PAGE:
Diabetes may raise the risk of breast cancer in post-menopausal women, according to experts.
An international team examined 40 separate studies looking at the potential link between breast cancer and diabetes. These studies involved more than 56,000 women with breast cancer.
Being obese or overweight has been linked to both conditions. But cancer experts say there may be a direct connection between the two.
The researchers found that post-menopausal women with Type 2 diabetes had a 27 percent increased risk of breast cancer. But there was no link for pre-menopausal women or those with Type 1 diabetes.
Writing in the British Journal of Cancer, the researchers have suggested that a high body mass index (BMI), which is often associated with diabetes, may be an underlying contributing factor.
"We don't yet know the mechanisms behind why Type 2 diabetes might increase the risk of breast cancer," the BBC quoted Prof Peter Boyle, president of the International Prevention Research Institute, who led the study, as saying.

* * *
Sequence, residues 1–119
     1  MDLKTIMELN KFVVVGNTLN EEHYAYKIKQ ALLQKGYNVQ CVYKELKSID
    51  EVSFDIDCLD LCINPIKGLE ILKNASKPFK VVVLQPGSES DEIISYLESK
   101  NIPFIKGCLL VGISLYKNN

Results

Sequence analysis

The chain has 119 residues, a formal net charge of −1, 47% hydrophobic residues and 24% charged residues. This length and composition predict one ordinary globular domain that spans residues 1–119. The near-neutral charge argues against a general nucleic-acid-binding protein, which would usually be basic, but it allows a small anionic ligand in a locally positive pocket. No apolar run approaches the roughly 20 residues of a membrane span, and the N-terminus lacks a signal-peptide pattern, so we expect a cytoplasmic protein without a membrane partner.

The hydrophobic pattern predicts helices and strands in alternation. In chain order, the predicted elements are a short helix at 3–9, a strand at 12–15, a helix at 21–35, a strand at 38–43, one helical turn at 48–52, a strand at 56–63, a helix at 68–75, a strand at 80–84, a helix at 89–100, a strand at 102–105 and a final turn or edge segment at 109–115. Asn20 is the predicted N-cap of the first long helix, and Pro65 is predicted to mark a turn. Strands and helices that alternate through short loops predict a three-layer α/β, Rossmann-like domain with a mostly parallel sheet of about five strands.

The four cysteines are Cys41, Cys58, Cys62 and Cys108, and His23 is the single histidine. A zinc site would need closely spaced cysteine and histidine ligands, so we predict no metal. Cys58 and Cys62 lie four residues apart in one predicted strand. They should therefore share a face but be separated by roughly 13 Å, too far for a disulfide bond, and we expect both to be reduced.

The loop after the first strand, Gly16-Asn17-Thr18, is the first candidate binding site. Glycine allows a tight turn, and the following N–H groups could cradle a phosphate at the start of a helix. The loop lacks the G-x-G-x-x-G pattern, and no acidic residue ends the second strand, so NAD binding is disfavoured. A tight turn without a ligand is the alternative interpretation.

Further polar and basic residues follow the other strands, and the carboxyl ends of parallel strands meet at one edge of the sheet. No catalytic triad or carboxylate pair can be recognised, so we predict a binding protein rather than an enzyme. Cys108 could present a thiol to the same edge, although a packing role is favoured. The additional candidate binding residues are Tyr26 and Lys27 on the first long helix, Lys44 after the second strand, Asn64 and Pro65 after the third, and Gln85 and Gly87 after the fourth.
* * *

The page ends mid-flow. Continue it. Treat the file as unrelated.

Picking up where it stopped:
"On the one hand, it's thought that being overweight, often associated with Type 2 diabetes, and the effect this has on hormone activity may be partly responsible for the processes that lead to cancer growth.
"But it's also impossible to rule out that some factors related to diabetes may be involved in the process," he stated.
Martin Ledwick, head information nurse at Cancer Research UK, added "From this study, it's not clear whether there's a causal link between diabetes and the risk of breast cancer in post-menopausal women.
"But as we know that having a high BMI can contribute to an increased risk of both Type 2 diabetes and breast cancer, it makes sense for women to try and maintain a healthy weight," he noted.